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Decision Making: Good Implementation or Bad Implementation–That is the Issue.

When it comes to making “successful” decisions, that is, decisions that achieve their intended purpose, especially important, strategic ones, the track record is somewhat dismal.  Perhaps I’m being too kind.  In fact, research shows that at least 50% of all such decisions fail to accomplish what the decision makers had hoped for.

There are many reasons why this is the case.  In this blog, I focus on what is often the ultimate challenge for decision makers—IMPLEMENTATION.  And, within that topic, I address the issue of communicating an important, strategic decision to others within the organization–particularly those who will be directly affected.  Failure to pay attention to this leads to failed decisions.

Typically, here’s what happens.  A small, select group of leaders spend significant time working through the process of making a decision that will affect the organization and it’s various constituents.  They gather information, analyze the situation, debate the facts, consider various alternatives, and so on.

When they finally reach consensus on what to do, they’ve done so much assessment and evaluation of the issue that they have confidence the right decision has been made–one that is clearly defensible.  So, when the decision is announced, that group of leaders doesn’t understand why others in the organization (who haven’t had the advantage of hearing all the dialogue, debate, etc. that preceded the decision) respond so negatively.  John Stanko and I describe this same scenario in the L.E.A.D.E.R.S Model discussed in our book, The Leadership Carol.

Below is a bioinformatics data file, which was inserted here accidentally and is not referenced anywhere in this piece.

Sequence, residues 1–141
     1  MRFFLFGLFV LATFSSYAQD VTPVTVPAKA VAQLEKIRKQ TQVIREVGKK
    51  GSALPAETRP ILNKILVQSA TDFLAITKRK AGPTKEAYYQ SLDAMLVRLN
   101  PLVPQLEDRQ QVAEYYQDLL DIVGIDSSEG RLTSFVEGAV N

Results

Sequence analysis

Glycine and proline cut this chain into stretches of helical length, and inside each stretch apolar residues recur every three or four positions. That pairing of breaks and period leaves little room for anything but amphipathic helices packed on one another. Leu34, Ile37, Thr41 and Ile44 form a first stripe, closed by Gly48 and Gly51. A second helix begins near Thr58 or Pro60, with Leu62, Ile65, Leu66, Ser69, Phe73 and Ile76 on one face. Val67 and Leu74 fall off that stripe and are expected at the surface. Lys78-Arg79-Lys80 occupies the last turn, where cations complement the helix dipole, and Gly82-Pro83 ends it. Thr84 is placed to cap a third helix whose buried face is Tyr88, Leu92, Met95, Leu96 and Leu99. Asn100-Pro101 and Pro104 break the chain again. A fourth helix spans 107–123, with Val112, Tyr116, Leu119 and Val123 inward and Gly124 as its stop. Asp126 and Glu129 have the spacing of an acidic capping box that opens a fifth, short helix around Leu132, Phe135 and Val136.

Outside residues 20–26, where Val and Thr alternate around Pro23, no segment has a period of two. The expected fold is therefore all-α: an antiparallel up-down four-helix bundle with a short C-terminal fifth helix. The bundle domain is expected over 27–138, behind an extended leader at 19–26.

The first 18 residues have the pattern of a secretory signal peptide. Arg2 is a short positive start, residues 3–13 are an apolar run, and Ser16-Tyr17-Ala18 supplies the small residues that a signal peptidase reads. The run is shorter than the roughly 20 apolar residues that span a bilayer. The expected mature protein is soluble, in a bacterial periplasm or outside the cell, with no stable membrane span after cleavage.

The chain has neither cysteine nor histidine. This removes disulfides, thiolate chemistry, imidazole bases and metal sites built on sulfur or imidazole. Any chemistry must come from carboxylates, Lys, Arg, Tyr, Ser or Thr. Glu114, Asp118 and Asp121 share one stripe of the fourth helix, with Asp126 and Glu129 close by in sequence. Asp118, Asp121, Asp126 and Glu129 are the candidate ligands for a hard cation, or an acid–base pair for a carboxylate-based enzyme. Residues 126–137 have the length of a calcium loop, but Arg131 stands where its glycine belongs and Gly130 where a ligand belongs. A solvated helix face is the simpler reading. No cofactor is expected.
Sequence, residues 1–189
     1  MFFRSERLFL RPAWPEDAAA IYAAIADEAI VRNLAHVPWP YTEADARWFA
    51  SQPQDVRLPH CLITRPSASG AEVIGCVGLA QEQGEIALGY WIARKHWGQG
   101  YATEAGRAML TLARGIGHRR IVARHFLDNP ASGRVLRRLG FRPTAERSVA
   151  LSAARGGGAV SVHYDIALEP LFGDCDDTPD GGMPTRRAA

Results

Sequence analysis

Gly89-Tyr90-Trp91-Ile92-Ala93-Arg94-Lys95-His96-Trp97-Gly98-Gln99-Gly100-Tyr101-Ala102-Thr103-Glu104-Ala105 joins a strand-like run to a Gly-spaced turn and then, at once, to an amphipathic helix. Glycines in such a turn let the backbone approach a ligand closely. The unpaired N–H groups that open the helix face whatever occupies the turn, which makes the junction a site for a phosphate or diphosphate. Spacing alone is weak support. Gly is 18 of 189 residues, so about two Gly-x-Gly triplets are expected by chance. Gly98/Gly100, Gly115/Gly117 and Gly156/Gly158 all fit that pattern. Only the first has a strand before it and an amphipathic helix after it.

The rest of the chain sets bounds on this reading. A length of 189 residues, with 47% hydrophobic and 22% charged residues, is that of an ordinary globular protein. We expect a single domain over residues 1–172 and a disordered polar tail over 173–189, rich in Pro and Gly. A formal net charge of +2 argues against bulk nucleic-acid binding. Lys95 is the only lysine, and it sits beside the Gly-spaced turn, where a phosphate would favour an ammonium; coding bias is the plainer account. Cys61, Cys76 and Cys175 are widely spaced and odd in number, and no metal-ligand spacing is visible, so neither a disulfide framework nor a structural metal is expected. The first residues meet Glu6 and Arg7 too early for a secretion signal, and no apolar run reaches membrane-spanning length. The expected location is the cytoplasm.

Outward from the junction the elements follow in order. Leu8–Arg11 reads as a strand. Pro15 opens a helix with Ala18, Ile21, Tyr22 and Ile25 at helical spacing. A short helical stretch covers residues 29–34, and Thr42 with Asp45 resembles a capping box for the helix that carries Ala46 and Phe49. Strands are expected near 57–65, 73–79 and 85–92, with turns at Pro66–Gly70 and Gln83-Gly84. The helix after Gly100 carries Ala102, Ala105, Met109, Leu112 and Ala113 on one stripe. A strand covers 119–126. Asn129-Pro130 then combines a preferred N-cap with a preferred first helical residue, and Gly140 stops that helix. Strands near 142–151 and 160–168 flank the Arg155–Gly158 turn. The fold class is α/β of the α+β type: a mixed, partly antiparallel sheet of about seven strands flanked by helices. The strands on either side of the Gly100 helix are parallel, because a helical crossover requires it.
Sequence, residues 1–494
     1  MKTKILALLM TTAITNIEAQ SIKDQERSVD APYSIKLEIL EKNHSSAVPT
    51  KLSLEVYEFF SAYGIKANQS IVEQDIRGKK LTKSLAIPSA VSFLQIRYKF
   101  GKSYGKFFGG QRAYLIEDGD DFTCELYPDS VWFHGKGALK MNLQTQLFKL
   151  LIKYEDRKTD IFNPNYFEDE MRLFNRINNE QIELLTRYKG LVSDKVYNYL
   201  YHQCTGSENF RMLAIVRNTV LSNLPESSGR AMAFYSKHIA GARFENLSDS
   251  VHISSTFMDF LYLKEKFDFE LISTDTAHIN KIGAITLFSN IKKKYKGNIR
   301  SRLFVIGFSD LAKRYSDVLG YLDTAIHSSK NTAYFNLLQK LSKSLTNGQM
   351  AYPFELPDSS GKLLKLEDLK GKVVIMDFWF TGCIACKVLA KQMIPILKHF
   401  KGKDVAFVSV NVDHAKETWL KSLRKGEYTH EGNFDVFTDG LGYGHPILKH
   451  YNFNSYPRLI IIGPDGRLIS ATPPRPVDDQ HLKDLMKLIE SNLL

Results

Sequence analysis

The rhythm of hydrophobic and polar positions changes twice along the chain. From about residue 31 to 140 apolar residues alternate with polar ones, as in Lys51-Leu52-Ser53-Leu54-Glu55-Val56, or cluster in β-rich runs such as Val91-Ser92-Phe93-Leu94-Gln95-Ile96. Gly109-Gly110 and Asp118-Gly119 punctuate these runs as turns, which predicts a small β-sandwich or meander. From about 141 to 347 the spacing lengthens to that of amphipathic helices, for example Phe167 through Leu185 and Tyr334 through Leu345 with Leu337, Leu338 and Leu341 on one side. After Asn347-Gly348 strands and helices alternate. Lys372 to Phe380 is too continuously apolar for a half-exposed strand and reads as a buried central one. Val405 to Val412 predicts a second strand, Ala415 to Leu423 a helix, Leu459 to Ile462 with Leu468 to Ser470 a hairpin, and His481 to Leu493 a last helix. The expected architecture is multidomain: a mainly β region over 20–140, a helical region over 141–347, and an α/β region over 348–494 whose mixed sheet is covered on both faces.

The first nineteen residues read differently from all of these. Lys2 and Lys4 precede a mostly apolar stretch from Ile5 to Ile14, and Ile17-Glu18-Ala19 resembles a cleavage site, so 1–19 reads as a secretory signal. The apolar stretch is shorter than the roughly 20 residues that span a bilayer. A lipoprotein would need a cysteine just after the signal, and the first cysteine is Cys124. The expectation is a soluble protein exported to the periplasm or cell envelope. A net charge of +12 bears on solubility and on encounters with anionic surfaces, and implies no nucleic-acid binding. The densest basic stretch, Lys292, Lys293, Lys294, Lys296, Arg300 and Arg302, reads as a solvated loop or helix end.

How can you avoid this type of decision debacle.  Authors Phillip Clampitt and Lee Williams offer some advice.  They do so in what they frame as “Decision Downloading.”

First of all, decision makers often make two mistakes that lead to poor communication of an important decision:

  1. They fail to make clear who has the responsibility to communicate and don’t spend the time necessary to create a successful communication plan.

  2. They choose to protect organizational members by not disclosing the issues they are addressing during the decision making process.  The result is a decision announcement that leads to even greater anxiety and uncertainty and lack of confidence in the ability of the decision makers.

In contrast, a “robust” communication plan, according to the authors, has four stages:

  1. Planning–determining how employees, especially different groups of employees, will respond to the announcement.

  2. Announcing–choosing a credible leader to make the announcement; linking the decision to the organization’s vision and mission; explaining the rationale for making the decision; discussing both the impact on the organization and on employees; and using a variety of methods and venues to communicate the decision.

  3. Monitoring–ascertaining how employees are reacting to the decision and giving enough time for employees to make sense of it.

  4. Responding–answering employee concerns; further explaining the reason for the decision; and correcting incorrect perceptions.

Following these steps can increase the potential success of decision implementation, according to the authors.  They state, “The most effective communicators believe that cultivating an understanding of the decision making process…engenders the most important feature of sustained success: trust” (emphasis mine).

Implement well,

Jim Dittmar

Dr. James Dittmar is the Founder, President, and CEO of the 3Rivers Leadership Institute which began in 2014.  Prior to this Jim founded the award-winning Geneva College M.S. in Or


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